- Accommodation services
- Disability access and inclusion plans
- Contacts and locations
- Continence Resource Centre
Dignity in Care Principles
- Zero tolerance of abuse - principle 1
- Support with respect - principle 2
- Personalised care - principle 3
- Maintaining independence - principle 4
- Listen - principle 5
- Respect privacy - principle 6
- Receive complaints - principle 7
- Engage with family - principle 8
- Support good self-esteem - principle 9
- Alleviate loneliness - principle 10
- Disability Information Service
- Disability SA
- Disability Support Services
- Domiciliary Equipment Service
- Engagement and consultation
- Future Changes
- Highgate Park
- Independent Living Centre
- NDIS Reform and Services
- State Disability Inclusion Plan
Zero tolerance of all forms of abuse - principle 1
Abuse is ' ... a single or repeated act or lack of appropriate action, occurring within any relationship where there is an expectation of trust, which causes harm or distress to an older person.
Often, the people who abuse [others] are exploiting a special relationship. [Abusers are often] in a position of trust, whether through family bonds, friendship or through a paid caring role, and they exploit that trust.'
Source: Elder Abuse UK
Abuse can take many forms
Living a life free of abuse includes not being subject to:
- acts of commission (when someone is actively maltreated)
- acts of omission (where bad things happen to someone because of someone else's failure to act).
There are many ways in which people can be abused.
Physical abuse is where someone is ...
- Hit, slapped, kicked or pushed
- Exposed to misuse of medication
- Experiences restraint or inappropriate sanctions.
Psychological abuse is where someone is ...
- Threatened with harm or abandonment
- Deprived of contact with others
- Humiliated, blamed or controlled
- Intimidated, coerced, harassed or verbally abused
- Being isolated or withdrawn/removed from services or supportive networks.
Neglect and acts of omission is abuse when someone ...
- Ignores someone else's medical or physical care needs
- Fails to provide access to appropriate health, social care or educational services for another person
- Withholds medication, adequate nutrition and heating.
Financial or material abuse is where someone experiences ...
- Theft, fraud, exploitation and/or pressure in connection with wills, property or inheritance or financial transactions
- Misuse or misappropriation of property, possessions or benefits.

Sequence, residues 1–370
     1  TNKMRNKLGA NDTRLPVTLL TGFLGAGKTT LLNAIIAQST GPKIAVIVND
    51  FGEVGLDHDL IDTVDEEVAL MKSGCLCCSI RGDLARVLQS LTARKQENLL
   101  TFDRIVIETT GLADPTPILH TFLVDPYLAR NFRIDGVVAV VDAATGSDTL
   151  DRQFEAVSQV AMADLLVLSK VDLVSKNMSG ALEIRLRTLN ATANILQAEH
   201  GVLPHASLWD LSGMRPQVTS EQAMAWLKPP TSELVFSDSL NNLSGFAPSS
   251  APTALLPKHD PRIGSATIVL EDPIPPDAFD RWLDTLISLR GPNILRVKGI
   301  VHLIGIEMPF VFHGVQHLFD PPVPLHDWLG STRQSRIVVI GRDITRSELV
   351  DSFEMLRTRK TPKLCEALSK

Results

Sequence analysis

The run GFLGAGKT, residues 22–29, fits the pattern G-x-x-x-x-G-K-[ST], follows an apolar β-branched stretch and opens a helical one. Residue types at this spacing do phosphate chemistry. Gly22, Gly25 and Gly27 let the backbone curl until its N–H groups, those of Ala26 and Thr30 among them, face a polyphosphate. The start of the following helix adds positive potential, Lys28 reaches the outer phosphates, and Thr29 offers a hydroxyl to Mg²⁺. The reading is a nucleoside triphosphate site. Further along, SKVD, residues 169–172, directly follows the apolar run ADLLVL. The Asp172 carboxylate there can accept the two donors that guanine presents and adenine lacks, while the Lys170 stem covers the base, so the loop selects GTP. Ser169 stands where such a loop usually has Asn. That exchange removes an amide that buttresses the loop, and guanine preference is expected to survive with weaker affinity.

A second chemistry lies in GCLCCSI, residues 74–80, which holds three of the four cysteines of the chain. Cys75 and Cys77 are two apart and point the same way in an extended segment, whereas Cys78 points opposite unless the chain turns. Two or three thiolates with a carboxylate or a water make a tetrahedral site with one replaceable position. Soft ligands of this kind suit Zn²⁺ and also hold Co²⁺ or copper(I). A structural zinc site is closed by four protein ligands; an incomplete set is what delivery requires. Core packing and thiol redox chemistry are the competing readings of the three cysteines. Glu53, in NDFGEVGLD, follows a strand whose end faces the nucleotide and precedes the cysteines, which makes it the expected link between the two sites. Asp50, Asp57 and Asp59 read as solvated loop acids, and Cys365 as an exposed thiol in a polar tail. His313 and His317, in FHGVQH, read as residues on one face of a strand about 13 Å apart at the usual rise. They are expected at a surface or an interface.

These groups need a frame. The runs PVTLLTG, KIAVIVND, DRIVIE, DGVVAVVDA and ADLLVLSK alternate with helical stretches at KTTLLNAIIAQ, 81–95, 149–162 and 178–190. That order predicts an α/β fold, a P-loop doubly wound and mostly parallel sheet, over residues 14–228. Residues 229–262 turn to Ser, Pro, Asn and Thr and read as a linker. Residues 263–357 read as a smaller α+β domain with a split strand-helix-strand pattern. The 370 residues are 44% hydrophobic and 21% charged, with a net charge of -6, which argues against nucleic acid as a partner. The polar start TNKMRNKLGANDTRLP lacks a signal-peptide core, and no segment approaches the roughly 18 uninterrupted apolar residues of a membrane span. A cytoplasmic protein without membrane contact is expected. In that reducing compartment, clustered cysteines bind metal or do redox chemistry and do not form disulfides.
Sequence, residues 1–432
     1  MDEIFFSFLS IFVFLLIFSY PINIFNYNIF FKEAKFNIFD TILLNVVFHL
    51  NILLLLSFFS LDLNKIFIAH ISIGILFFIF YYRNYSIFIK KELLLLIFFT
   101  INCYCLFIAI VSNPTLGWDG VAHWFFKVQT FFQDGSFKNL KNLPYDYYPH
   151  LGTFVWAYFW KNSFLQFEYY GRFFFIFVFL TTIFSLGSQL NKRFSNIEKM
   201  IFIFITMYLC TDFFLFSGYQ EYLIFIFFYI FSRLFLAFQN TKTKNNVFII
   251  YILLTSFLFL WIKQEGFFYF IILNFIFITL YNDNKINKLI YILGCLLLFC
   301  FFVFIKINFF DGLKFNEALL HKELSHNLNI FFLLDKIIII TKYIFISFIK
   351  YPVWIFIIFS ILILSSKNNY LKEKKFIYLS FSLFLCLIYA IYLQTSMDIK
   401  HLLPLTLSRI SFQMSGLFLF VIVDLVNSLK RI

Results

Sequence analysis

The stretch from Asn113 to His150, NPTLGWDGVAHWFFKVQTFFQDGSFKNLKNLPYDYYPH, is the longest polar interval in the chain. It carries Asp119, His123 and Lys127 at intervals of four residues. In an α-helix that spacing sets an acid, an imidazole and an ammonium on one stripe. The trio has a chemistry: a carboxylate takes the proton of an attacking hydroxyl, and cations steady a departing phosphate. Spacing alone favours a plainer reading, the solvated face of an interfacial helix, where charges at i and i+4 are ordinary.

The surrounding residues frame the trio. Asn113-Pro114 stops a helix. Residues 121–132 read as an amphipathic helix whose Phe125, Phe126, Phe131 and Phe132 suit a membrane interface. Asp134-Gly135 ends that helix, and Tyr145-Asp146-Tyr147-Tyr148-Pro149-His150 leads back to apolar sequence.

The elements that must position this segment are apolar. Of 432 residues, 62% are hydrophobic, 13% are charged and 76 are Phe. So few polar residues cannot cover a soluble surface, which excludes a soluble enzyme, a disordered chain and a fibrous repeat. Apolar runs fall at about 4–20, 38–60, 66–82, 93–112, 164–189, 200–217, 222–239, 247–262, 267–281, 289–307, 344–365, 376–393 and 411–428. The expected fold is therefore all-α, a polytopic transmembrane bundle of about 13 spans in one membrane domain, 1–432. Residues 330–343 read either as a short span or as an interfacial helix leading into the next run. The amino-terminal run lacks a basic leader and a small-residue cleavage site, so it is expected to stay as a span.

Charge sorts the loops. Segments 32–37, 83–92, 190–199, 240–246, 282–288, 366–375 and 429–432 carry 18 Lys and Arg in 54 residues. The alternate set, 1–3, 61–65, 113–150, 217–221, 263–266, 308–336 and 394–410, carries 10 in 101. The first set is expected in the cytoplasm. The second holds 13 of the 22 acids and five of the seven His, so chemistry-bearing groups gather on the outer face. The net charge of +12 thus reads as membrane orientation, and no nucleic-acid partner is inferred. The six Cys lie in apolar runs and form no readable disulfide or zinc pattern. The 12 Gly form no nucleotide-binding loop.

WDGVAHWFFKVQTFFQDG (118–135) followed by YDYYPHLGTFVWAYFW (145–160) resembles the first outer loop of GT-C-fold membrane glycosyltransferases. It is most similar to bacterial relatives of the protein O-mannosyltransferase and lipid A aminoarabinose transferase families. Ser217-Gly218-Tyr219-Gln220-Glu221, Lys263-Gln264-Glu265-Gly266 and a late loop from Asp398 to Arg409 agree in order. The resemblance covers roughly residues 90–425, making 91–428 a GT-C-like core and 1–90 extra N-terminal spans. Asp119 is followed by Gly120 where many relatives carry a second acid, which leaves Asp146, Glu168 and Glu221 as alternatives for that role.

Sexual abuse is where someone ...
- Rapes someone else
- Sexually assaults another person
- Exposes someone to participating in or seeing sexual acts to which they have not consented, or could not consent, or were pressured into consenting.
Institutional abuse is where someone ...
- Encounters rigid, intensive routines, or inadequate privacy or comfort (this can happen in care homes or hospitals, or when someone receives an institutional style of care in their own home).
'It is a criminal offence for a person providing care to someone who lacks capacity to ill-treat or willfully neglect them. A similar offence of longer standing, exists for anyone being treated for mental disorder in a hospital, mental nursing home, independent hospital or care home.' Joint Commission Human Rights 2007
Potential breaches of human rights in a care setting
Abuse is a serious and severe breach of human rights perpetrated on vulnerable people who often depend on their abusers to provide them with care. It is a betrayal of trust, and can also be a criminal offence.
The following list describes situations that constitute abuse:
- Malnutrition and dehydration
- Abuse and rough treatment
- Lack of privacy in mixed accommodation
- Lack of dignity especially for personal care needs
- Insufficient attention paid to confidentiality
- Neglect, carelessness and poor hygiene
- Inappropriate medication and use of physical restraint
- Inadequate assessment of a person's needs
- Too hasty discharge from hospital
- Bullying and patronising
- Failure to address communication difficulties, including for those people who do not speak English
- The creation of fear among people about making complaints.
The unauthorised and unnecessary use of restrictive practices (including restraints) can constitute abuse.
Dignity and respect
Dignity and respect are key principles of human rights. Disability Services, disability service providers and individuals providing care have a duty to protect basic human rights.
The Australian Disability Discrimination Act 1992 is a legal instrument that helps maintain people's human rights and is intended:
- to eliminate, as far as possible, discrimination against persons on the ground of disability in the areas of:
- work, accommodation, education, access to premises, clubs and sport; and
- the provision of goods, facilities, services and land; and
- existing laws; and
- the administration of Commonwealth laws and programs; and
- to ensure, as far as practicable, that persons with disabilities have the same rights to equality before the law as the rest of the community; and
- to promote recognition and acceptance within the community of the principle that persons with disabilities have the same fundamental rights as the rest of the community.
Dignity in Care requires zero tolerance of all forms of abuse.
Email email@example.com if you would like to become a Dignity in Care champion or need further information.Page last updated : 13 Feb 2020